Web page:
- Cyberattacks against healthcare organizations have risen 45% since Nov. 1, according to a Check Point report. Other industries saw a 22% increase in cyberattacks during the same time period.
- In October, the healthcare sector saw 430 weekly cyberattacks, which increased to 626 weekly attacks in November. The cyberattacks included ransomware, botnets, remote code execution and DDoS. Ryuk and REvil — also known as Sodinokibi — ransomware were the most prominent strains in attacks.
- In November, North America saw a 67% increase in cyberattacks on healthcare organizations; attacks increased 145% in Central Europe.
While most ransomware has a broad sector target, Check Point found Ryuk is tailored toward targets in the healthcare industry. Because of the pressure COVID-19 placed on healthcare organizations, bad actors are finding the most financial success in disrupting operations that have no room for downtime.
Last year, CISA offered security recommendations for healthcare defense, but "there are also known control channels that can be blocked outbound to prevent control by the bad actors," said Drew Daniels, CIO and CISO of Druva.
Bad actors will develop new channels of infection and if an organization detects Ryuk, containment and then recovery become the primary mission. Security is "not infallible either, nothing involving the internet can be. It just wasn't designed that way," Daniels said.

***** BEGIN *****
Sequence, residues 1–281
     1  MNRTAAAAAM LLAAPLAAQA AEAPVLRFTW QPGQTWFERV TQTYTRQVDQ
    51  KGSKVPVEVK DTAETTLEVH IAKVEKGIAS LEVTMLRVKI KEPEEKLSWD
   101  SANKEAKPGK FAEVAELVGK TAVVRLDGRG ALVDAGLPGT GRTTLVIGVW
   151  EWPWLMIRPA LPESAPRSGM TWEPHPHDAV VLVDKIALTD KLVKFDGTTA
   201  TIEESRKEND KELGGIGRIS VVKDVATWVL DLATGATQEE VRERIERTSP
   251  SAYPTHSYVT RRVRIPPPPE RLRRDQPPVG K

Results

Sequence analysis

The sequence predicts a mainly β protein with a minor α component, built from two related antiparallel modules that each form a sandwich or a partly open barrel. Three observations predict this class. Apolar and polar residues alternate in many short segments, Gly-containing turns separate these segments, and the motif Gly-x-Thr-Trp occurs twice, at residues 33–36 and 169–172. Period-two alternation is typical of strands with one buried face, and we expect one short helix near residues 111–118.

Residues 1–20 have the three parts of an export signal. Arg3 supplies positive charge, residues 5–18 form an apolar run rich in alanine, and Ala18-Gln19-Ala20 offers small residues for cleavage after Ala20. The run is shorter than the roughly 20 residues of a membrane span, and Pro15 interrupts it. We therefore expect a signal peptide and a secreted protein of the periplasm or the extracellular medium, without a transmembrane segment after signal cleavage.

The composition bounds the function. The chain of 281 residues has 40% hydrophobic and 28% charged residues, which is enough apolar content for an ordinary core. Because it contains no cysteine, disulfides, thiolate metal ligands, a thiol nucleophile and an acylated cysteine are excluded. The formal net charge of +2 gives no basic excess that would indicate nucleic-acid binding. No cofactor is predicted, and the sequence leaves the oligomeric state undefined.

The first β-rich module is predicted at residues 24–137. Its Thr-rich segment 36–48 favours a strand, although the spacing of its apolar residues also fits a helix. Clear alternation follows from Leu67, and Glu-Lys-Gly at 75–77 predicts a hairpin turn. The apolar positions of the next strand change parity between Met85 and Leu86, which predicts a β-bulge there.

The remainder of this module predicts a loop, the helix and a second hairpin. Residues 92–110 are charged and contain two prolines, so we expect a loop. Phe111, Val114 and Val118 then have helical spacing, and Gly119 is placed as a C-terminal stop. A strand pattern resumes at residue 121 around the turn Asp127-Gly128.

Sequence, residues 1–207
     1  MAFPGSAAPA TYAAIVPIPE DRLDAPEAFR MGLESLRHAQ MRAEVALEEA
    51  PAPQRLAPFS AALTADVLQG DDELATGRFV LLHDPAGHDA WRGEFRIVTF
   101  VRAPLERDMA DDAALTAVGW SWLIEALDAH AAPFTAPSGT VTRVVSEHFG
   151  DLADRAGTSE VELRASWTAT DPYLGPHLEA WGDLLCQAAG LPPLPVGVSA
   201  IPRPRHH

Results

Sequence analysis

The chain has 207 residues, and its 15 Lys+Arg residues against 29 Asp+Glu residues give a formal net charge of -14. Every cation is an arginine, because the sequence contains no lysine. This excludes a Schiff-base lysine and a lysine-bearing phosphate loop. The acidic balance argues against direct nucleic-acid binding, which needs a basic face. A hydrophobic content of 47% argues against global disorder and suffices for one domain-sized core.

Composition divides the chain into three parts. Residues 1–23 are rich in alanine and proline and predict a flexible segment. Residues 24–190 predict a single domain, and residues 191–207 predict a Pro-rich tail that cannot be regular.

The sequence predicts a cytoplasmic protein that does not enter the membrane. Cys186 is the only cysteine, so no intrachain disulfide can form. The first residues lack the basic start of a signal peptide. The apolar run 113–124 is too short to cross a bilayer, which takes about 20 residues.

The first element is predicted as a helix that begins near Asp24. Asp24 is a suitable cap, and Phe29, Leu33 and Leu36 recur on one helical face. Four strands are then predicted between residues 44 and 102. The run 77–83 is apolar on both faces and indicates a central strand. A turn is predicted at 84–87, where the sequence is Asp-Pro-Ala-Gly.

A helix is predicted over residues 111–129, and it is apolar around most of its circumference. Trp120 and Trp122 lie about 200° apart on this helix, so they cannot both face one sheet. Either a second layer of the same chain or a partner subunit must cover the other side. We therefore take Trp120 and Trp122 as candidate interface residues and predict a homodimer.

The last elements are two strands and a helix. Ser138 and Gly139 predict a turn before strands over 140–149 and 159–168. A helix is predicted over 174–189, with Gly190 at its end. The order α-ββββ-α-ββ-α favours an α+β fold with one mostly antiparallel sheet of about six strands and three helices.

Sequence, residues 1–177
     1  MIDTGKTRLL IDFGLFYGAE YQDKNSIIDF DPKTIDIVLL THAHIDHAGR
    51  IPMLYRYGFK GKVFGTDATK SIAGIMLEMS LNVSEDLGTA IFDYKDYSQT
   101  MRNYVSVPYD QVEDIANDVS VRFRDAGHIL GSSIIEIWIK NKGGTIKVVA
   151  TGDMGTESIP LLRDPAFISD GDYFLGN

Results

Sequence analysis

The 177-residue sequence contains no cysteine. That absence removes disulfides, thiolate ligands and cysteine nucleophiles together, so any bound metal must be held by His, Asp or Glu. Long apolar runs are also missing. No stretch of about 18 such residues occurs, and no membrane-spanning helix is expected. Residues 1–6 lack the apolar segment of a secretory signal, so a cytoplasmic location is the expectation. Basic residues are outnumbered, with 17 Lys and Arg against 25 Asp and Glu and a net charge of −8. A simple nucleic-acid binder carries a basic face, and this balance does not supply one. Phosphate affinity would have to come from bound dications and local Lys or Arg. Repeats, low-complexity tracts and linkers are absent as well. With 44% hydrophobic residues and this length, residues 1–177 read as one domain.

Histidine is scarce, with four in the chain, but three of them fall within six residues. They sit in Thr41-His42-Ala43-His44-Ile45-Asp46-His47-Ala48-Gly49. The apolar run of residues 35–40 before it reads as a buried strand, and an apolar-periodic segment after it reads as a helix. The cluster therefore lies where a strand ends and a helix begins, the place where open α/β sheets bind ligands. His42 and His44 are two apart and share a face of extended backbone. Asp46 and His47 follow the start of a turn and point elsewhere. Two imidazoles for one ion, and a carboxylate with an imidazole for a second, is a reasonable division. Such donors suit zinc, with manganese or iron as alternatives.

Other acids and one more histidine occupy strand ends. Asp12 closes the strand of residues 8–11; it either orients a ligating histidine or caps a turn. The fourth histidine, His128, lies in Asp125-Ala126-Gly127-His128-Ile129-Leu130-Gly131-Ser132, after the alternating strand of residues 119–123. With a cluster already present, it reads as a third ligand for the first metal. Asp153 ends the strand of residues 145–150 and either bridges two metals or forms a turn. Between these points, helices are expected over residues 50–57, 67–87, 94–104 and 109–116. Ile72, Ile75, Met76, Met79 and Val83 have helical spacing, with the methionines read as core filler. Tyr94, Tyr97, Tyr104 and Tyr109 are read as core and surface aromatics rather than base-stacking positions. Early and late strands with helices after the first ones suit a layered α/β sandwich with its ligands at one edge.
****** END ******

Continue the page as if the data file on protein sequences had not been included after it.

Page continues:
Ryuk was on hiatus before re-emerging in the fall. Infection begins with a trojan, including Trickbot, Emotet, Dridex and Cobalt Strike.
Early generations of Ryuk were "rarely found without also finding Trickbot in the environment," according to research by Deep Instinct. It allowed organizations that detected and dismantled Trickbot to avoid a Ryuk infection. This iteration of Ryuk also relied on human-powered reconnaissance.
Though the ransomware strain evolved, it still relies on spear-phishing and a document housing a visual basic for applications (VBA) macro and still Trickbot. When the ransomware is able to use Powershell to move laterally, targeted organizations balance between blocking or allowing Powershell.
"This harkens back to admins doing anything they can to not impact their user base, even if that means lowering the security posture of the environment," according to Deep Instinct. This is how Ryuk has thrived in the healthcare sector during the pandemic.
Security recommendations for ransomware often come down to hygiene and traditional methods. "I was actually quite shocked by the lack of basic security hygiene" in recent healthcare ransomware attacks, Daniels said. "I would be remiss not to mention the importance of patching, patching, patching."
In addition to routine antivirus updates, IT can limit users on their ability to run certain applications, but it runs the risk of interfering with employees' productivity.
"As much as this may blunt some of the risks, malware can be delivered via macros in a Word document or Excel spreadsheet or similar functionality that's part of everyday working," Daniels said. "It is unlikely this level of functionality would be turned off since it would severely limit users ability to work."
Decades-old systems were designed to permit "openness, connectivity and productivity," Daniels said. If a system was entirely read-only, it would greatly reduce users' workability.